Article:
New Guidelines for Managing Diabetes Tries to Re-Balance Harms and Benefits

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The American College of Physicians (ACP), a professional society representing internal medicine, primary care physicians just released their newest guidance statement for managing diabetes. It is not a meta-analysis but considers the major guidelines [1] already published, their strengths, weaknesses, and differences - to assist clinicians in selecting among the evidence for a “best practices” approach. Given that the guidance was meant to be clinically relevant to primary care physicians the focus was on long-term management’s benefits and harms.

Background Frames the Question and the Evidence

An intact pancreas and endocrine system regulate glucose metabolism best, clinical management is beset by glucose levels that are both too high and too low. The clinical impact of these two conditions differ. A glucose level that is too high (hyperglycemia) presumably fuels conditions with long-term consequences conditions like nerve damage (neuropathy) or obstruction of small blood vessels resulting in heart problems (cardiovascular disease). A glucose level too low, termed hypoglycemia, makes itself clinically evident immediately, the ultimate short-term consequence. Those consequences include disorientation, imbalance and if left untreated death. Hypoglycemia is a real, here and now, harm. Hyperglycemia’s damages are more distant in time and result from a chain of events, so it is still harm, but not as feared as hypoglycemia. Where is the balance between the two?

While there are many ways to measure the dysregulation of glucose metabolism in diabetes, the use of HgA1C is the blood value most utilized in chronic management. A red blood cell lives for about 90 days and during its lifetime, the changing levels of glucose in the blood, the short-term measure of diabetes, are memorialized as increasing amounts of glucose attached to the red blood cells' hemoglobin – HgA1C captures the effectiveness of long-term management. HgA1C levels that are too high reflect poor short-term control and the possibility of more significant complications. Lower levels reflect tighter control, the blood sugar more often being closer to normal, rather than elevated.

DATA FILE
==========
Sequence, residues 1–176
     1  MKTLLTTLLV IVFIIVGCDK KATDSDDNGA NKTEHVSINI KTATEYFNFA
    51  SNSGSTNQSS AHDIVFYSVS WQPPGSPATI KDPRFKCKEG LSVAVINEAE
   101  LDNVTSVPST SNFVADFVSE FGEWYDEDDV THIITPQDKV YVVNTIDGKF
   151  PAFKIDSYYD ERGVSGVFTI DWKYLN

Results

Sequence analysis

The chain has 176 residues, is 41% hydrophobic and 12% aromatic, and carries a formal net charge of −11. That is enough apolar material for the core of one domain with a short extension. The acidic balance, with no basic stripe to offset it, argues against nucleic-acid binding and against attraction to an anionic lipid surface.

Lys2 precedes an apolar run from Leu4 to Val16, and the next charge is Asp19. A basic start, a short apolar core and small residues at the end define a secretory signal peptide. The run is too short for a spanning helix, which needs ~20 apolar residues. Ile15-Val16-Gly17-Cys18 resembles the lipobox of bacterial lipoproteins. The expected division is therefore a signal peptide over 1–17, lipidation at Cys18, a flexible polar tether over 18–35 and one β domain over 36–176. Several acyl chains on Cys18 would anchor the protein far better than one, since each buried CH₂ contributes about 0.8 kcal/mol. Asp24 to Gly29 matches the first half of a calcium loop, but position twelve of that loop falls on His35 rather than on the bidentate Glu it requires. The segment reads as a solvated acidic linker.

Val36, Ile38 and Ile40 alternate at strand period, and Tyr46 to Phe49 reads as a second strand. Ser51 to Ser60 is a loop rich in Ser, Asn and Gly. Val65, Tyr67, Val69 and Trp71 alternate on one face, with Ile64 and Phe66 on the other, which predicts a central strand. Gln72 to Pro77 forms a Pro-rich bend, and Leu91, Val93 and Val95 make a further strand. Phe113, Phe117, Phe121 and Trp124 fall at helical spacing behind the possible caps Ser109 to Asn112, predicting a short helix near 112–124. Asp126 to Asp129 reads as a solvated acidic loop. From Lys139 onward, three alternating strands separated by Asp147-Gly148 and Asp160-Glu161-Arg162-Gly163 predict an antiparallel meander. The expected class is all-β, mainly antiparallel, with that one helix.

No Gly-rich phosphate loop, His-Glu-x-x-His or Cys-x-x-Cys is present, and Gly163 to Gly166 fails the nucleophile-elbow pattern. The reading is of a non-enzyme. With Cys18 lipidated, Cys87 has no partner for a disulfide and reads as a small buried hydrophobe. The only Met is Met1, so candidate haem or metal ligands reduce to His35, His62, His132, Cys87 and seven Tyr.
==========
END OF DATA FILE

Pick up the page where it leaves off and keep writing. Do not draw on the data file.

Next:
Some clinicians favor tight control, attempting to model the pancreas and endocrine system, trading a bit more hypoglycemia for a bit less hyperglycemia, greater risk of short-term complications for a lower risk of long-term ones. Other clinicians, fearful of the dramatic onset and severity of hypoglycemia accept looser control, a bit more hyperglycemia and its long-term consequences. The new ACP guidelines address that question.

The newest guidance

The ACP provides four recommendations. The first is that physicians should personalize management of Type 2 diabetes for each of their patients - based on patient’s health, preferences, life expectancy and the costs of care, both fiscally and physically. There is no one-size fits all prescription.

The second recommendation is to maintain the HbA1C between 7 and 8%, control that is neither too tight or too loose. The studies where a target of 7% or less was used, “tighter control,” resulted in more hypoglycemia. These same studies, when looking at the long-term complications did demonstrate a “small absolute reduction” in eye changes, retinopathy, and the loss of protein, specifically one called albumen, in the urine, a sign of kidney dysfunction. But these microvascular events were surrogates for endpoints not measured, clinically significant eye and kidney disease. But the impact of these surrogates on actual clinical conditions, as well as diabetes-related death was not consistently reduced during the next 5 to 10 year period. The impact of this “tighter control,” on the long-term complications was where the ACP judgment, the judgment of clinicians, not statisticians, was evident. Management with a goal of 7% or less was from a clinical view, many short-term harms with inconsistent long-term benefit.